The New York Times leads with hastily arranged Sunday talks between President Clinton and Pakistani Prime Minister Nawaz Sharif. Clinton administration officials tell the paper that as a result, they expect that Pakistani-backed forces will soon be withdrawing from the positions they have recently occupied inside the Indian side of the cease-fire line in the Kashmir region. The Washington Post and Los Angeles Times stuff the Kashmir talks and lead instead with the suicide of the white supremacist suspect in the weekend's midwest shooting spree, a story the NYT runs at the top of the page.
The Times lead says that Sharif called the White House to suggest the meeting and Clinton told him to come right away. The paper points out that it's not clear how much control Sharif in fact has over the 700 Pakistanis across the line in Kashmir, because the force appears to contain guerrillas as well as regular Pakistani army troops and because it's not clear how much sway he has with the new, more activist, head of the Pakistani army. The Times notes that the current ratchet-up of the 50-plus-year-old Kashmir tangle has new urgency in that its disputants are now both nuclear powers.
All the coverage of the Midwest shooting spree--which included the wounding of seven and the murders of a black man jogging with his children and of a Korean man leaving church services--notes that until May, suspect Benjamin Smith was a member of the World Church of the Creator, led by Rev. Matt Hale, whose application to join the Illinois state bar after he passed the bar exam was recently turned down because of his racist and anti-Semitic views. The LAT says the WCC is the fastest growing white supremacist organization in the country. Apparently, Smith shot himself in the head while being pursued by police.
The diplomo-speak is flowing regarding continuing tensions between NATO and Russia over the latter's role in the Kosovo peacekeeping operation. According to the LAT front, after Hungary, Romania, and Bulgaria refused Russian entry into their airspaces, Russian troops began a trip by sea to the region. This was chosen, a Russian general tells the paper, because sea travel is cheaper and "a new experience." And a Marine spokesman for NATO is quoted saying that Russian troops were barred from landing at the Pristina, Kosovo, airport because the lighting there needed work.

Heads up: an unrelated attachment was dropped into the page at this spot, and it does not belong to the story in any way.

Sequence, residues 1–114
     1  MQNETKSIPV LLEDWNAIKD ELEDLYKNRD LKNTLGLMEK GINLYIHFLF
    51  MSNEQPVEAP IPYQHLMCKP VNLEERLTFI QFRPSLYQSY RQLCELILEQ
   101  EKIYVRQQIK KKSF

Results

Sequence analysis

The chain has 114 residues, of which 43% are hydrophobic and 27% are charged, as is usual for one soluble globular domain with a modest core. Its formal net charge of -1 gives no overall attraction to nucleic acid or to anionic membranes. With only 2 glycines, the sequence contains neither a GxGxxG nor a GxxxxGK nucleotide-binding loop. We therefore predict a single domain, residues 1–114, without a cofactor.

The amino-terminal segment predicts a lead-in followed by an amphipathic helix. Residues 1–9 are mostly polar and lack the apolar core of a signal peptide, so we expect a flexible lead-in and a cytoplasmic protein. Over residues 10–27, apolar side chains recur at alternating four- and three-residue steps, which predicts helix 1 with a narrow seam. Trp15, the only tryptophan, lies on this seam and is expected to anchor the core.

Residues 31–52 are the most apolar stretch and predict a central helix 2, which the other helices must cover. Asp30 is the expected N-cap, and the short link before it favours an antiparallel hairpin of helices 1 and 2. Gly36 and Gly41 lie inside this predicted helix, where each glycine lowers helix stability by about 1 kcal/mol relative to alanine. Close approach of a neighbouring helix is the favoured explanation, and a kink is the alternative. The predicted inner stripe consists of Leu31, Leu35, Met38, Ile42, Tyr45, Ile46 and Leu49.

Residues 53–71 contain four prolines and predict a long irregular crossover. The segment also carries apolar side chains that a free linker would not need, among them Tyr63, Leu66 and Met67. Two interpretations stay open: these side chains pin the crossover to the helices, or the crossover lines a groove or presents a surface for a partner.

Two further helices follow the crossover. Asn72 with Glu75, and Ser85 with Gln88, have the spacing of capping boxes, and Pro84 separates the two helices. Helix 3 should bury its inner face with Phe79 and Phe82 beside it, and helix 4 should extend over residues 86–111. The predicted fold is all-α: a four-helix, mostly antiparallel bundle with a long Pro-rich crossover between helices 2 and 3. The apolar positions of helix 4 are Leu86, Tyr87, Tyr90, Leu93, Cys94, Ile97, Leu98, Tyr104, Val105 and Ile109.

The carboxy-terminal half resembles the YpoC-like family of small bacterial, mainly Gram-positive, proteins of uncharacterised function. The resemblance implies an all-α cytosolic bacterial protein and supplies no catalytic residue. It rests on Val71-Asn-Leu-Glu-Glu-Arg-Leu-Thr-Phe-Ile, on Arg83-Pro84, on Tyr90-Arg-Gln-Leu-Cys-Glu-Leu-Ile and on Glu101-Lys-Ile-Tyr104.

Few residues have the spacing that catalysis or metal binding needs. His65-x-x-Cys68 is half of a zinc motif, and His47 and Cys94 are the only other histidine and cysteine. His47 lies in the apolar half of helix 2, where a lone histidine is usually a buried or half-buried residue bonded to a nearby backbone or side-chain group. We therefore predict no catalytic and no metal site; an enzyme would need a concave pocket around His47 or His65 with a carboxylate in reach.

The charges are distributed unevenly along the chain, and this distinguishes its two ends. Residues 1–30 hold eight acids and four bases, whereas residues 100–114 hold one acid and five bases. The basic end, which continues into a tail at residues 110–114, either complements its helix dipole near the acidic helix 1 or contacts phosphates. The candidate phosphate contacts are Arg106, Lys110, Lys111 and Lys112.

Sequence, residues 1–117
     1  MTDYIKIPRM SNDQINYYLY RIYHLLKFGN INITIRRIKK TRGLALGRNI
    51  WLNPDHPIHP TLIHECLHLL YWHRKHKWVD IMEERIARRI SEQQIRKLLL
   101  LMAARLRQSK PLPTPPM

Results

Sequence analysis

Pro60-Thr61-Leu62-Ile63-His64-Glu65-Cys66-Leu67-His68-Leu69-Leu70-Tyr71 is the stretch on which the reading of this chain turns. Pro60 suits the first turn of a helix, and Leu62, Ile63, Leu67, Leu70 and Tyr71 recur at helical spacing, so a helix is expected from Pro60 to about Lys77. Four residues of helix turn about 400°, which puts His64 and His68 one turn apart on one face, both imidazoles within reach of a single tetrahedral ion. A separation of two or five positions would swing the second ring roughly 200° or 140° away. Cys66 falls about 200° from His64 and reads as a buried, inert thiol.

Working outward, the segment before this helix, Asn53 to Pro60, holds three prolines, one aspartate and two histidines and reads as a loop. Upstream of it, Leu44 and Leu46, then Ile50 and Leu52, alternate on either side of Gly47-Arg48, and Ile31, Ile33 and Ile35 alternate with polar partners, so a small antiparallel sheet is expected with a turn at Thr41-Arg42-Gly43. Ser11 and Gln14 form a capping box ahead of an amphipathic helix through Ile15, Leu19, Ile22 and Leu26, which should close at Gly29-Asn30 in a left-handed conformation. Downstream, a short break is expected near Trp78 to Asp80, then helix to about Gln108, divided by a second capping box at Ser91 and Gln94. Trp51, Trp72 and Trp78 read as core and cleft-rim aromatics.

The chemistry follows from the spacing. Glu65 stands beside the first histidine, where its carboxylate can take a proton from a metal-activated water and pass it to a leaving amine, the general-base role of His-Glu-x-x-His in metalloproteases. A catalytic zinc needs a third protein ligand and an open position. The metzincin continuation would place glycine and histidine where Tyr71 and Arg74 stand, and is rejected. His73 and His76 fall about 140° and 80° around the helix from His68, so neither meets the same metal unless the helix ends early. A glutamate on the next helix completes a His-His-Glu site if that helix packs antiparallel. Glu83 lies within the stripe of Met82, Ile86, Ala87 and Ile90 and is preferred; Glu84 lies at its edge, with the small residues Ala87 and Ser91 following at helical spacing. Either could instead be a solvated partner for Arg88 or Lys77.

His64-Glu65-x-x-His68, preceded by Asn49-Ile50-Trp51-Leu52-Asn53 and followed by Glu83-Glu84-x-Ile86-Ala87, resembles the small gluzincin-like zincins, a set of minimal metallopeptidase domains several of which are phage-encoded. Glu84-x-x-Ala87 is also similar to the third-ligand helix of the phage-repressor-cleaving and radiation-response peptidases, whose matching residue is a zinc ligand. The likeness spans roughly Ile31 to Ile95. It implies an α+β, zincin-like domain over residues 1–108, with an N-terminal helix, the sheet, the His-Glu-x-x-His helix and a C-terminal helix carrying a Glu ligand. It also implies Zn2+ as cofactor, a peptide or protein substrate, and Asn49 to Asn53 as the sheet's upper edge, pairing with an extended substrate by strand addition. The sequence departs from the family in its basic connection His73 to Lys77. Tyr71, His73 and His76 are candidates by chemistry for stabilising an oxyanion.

The LAT fronts the news that the California state Senate is set to consider a bill, already approved by the state Assembly, that would eliminate the current requirements that first-time applicants for driver's licenses provide the DMV both with proof of legal residency in this country and with valid Social Security numbers. The laws have meant thousands of dollars in fines and towing costs and numerous unclaimable impounded vehicles for the state's "thousands" of illegal immigrants. (Why couldn't the LAT supply a more specific number?) Advocates say these people are staying in California anyway, so why keep them from making economic progress, and even from opening savings accounts? Critics reply that illegals shouldn't be rewarded for working around the system. The paper notes that the bill's survival this far just a few years after the passage of Prop. 187, which would prevent illegal immigrants from receiving many basic publicly funded social services, is a clear sign of the rise of Latino electoral power. Among the groups supporting repeal of the legal residency requirement is the Los Angeles Police Protective League, representing more than 10,000 officers. The story waits until the 34th paragraph to inform that Gov. Gray Davis hasn't taken a position yet on the issue.
A NYT front-pager cites one concrete accomplishment of the reign of Slobodan Milosevic--a decline in the birth rate. Apparently parents are increasingly unwilling to bring children into the poverty and stress the Milosevic regime has made a daily constant. The story mentions several couples either getting or having gotten abortions recently because of this, but makes no mention of the pill or condoms or other contraception devices. Does this reflect the actual birth control tendencies of Serbians or did the reporter just fail to pursue this?
Add this to the usual statistics bearing on the strength of the economy: According to an item in yesterday's LAT real estate section, in the first six months of 1999, 162 homes sold for more than $2.5 million each. Not nationwide, not statewide, not even citywide, but just in West Los Angeles. A realtor is quoted saying that the money for these purchases is coming from computer and Internet businesses.
The party line OK, this is the official deal on the Today's Papers 2nd Anniversary Party. It's Thursday, July 15th, 1999, 5-7 PM, in Los Angeles, California at Il Grano Restaurant, 11359 Santa Monica Blvd. There'll be wine and hors d'oeuvres, prizes and general merriment, perhaps even a celebrity guest or two. Price: Like the American press and especially Slate--ABSOLUTELY FREE. But attendees MUST do two things: 1) RSVP by July 9, to 323-654-6742 (email doesn't count); 2) Bring one especially loved or detested newspaper clip (no admission without one).
Why would the NYT editorial page need to give over space today to an "Editorial Observer" item stating that "last week on a cruise" it was observed that the middle sections of The Great Barrier Reef have the look of thriving underwater communities, that "to a snorkeler or scuba diver, the reef looks like a petrified undersea garden," and that "officials of the marine park authority find no clear evidence in their monitoring data of any significant, large-scale declines in the health of the reef"? Could it be that this allows writer Philip M. Boffey to write off the cruise and snorkeling/scuba trip he took there last week? If the IRS is in the habit of demanding actual journalism before allowing such deductions, they'll want more proof than this.